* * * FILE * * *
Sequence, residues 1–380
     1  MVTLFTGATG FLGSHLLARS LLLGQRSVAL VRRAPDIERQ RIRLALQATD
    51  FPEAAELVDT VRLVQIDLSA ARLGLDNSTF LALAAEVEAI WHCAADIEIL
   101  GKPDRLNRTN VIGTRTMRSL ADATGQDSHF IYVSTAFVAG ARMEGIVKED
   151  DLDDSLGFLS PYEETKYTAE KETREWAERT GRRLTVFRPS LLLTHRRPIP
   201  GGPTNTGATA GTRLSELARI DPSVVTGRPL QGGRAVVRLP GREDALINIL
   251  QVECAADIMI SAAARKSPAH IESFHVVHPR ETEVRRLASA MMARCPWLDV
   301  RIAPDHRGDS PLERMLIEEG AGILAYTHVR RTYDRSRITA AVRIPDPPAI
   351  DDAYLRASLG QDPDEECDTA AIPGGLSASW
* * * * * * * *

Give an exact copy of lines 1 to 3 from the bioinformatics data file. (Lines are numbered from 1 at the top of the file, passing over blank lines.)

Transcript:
Sequence, residues 1–380
     1  MVTLFTGATG FLGSHLLARS LLLGQRSVAL VRRAPDIERQ RIRLALQATD
    51  FPEAAELVDT VRLVQIDLSA ARLGLDNSTF LALAAEVEAI WHCAADIEIL